Omar Bah survived persecution and torture as a journalist reporting on human rights in the West African nation of The Gambia. After barely eluding a government manhunt, Bah wound up in Rhode Island 15 years ago. He went on to get four college degrees, buy a home, start a family and establish the Refugee Dream Center, a nonprofit that helps other displaced people.

Bah said that for him the American dream is not an abstract concept.

“I came to Rhode Island, hearing the name just one day before arrival,” he recalled, “and I got friendships, support, welcomed by the regular American. I got scholarships and jobs and family that I never had. It was build myself from the bottom up, get out of poverty.”

Now, Bah is one of seven Democrats running for the Second Congressional District seat being vacated by U.S. Rep. Jim Langevin, who first won election back in 2000.

Bah is at Felicia’s Coffee, a bustling spot on Post Road in East Greenwich, to meet with supporters and spread his three-part message the old-fashioned way. He said he wants to defend the American dream, protect democracy, and help young people, through his own experience as an immigrant from rural Africa who made it in America.

“That can show any kid, whether it’s in East Greenwich or Providence, that if this kid can do this, you can do better,” he said.

Bah’s dramatic personal story sets him apart from other candidates in the Second District. But he has just a trickle of campaign money -- about $12,000 so far.

That’s less than two percent of the $1.4 million that the best-funded candidate, General Treasurer Seth Magaziner, said he’s collected since the start of the year. This disparity means that Bah and other under-funded CD2 candidates will find it tough to boost their name recognition through television commercials to get their message out.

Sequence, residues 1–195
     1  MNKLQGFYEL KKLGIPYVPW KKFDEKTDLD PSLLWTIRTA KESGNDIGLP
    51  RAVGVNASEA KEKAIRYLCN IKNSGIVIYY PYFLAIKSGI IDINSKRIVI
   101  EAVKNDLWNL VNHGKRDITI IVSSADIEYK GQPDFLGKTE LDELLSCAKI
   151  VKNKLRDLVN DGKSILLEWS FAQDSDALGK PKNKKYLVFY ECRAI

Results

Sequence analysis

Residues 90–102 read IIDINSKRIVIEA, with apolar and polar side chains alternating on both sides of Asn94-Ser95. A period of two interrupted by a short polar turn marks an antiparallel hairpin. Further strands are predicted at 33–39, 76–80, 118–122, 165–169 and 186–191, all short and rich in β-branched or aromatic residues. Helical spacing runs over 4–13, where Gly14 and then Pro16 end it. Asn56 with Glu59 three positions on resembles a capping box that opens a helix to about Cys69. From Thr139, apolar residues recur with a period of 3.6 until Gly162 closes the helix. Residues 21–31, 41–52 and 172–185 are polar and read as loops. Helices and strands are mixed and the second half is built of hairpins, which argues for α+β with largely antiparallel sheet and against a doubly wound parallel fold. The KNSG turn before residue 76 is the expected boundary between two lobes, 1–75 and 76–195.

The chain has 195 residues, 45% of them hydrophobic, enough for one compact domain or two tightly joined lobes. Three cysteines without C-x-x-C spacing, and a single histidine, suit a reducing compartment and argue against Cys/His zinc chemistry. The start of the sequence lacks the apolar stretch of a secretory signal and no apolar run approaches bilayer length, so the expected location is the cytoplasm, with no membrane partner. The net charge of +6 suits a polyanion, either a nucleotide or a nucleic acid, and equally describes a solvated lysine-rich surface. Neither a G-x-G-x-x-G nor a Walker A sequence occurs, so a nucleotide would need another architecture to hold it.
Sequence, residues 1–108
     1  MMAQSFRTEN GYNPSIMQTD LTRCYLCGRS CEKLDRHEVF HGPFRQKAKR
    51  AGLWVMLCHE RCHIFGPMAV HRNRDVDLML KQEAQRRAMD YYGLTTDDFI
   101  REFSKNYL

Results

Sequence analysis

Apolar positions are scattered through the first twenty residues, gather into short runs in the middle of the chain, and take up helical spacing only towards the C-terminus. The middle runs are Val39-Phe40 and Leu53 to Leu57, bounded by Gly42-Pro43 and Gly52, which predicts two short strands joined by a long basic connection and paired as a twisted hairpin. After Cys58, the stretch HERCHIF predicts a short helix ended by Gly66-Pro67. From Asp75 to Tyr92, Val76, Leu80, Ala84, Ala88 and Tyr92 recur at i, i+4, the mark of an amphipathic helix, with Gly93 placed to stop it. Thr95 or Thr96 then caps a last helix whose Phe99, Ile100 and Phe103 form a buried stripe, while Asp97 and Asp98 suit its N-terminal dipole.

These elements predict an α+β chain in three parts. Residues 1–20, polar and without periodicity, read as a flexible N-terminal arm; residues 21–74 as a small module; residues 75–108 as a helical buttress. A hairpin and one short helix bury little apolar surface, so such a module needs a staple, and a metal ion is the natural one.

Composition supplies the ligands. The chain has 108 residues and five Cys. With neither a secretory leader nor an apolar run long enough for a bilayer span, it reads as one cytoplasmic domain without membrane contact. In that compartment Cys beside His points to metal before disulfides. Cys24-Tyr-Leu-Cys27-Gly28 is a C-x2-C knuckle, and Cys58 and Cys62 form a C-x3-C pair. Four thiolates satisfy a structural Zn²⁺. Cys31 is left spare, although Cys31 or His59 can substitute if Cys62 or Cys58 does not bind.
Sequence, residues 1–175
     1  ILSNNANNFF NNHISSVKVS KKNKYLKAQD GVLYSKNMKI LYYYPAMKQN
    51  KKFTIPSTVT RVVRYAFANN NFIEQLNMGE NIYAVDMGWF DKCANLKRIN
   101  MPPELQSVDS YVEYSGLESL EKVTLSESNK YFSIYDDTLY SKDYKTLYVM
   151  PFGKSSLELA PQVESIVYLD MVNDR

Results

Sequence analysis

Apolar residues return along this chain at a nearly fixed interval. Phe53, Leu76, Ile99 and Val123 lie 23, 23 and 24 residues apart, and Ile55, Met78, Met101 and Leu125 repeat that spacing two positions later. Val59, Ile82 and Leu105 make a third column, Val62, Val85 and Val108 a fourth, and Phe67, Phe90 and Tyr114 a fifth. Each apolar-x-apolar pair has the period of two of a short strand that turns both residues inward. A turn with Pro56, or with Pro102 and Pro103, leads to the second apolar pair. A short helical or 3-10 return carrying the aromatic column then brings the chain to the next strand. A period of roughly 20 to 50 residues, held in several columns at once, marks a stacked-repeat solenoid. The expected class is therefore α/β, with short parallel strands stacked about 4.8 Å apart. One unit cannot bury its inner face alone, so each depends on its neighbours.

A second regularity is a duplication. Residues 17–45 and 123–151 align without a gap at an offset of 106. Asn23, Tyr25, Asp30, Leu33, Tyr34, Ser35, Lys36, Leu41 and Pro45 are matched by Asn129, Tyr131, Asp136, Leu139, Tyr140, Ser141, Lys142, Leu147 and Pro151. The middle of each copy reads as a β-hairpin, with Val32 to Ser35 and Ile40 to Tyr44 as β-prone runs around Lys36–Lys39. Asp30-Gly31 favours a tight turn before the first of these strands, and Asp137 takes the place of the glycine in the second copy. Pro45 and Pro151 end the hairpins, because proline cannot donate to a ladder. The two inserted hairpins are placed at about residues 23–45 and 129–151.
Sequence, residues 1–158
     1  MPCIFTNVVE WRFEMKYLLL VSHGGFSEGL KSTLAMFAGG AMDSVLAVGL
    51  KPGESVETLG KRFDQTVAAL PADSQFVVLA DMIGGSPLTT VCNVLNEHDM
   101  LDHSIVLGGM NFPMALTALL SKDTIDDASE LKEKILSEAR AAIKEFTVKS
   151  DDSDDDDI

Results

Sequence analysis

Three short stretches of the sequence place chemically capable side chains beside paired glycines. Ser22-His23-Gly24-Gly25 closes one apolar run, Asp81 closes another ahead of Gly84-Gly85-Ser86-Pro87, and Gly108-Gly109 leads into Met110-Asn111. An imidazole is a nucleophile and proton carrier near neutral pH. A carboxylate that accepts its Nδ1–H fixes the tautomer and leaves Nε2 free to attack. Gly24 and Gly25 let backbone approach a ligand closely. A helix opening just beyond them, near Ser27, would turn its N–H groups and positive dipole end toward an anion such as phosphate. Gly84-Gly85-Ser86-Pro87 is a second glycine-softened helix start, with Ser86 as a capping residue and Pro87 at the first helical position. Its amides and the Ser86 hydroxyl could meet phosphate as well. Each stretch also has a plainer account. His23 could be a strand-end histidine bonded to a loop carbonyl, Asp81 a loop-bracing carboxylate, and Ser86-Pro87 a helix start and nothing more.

Federal campaign finance reports for the first quarter of 2022 will become public Friday. Some of the campaigns in CD2 have already offered estimates of their fundraising.

Bah says a committed group of volunteers could help his campaign make up in sweat equity what it might lack in dollars. “So we are leveraging the lack of money.”


Most Americans want to limit campaign spending and believe big donors have too much influence, according to the Pew Research Center. Despite that, a series of court decisions has reinforced a status quo in which the cascade of money in politics grows by hundreds of millions of dollars every few years, up to $14 billion in 2020.

Magaziner is unapologetic about his fundraising, and he fueled his first run for treasurer in 2014 with an $800,000 personal loan. When he announced a change in course from a run for governor in January, Magaziner said the important thing is keeping a Democrat in the Second Congressional District.

“Make no mistake about it -- what is happening in Washington right now is serious, and we cannot take the risk that a Republican represent Rhode Island in the United States Congress,” he said during a news conference in Cranston. “Not in this cycle, not in this of all years.”

But other contenders say money in politics is a real issue.

“These races should not be decided by who has the most money, but rather who can do the best job,” said Joy Fox, one of the other Democrats running in CD2.

Fox is a former staffer for Congressman Langevin and former Gov. Gina Raimondo who leads a strategic communications company. Fox lags the top-two Democratic fundraisers in the race, although by collecting more than $175,000 so far, she’ll have some ability to spread her message.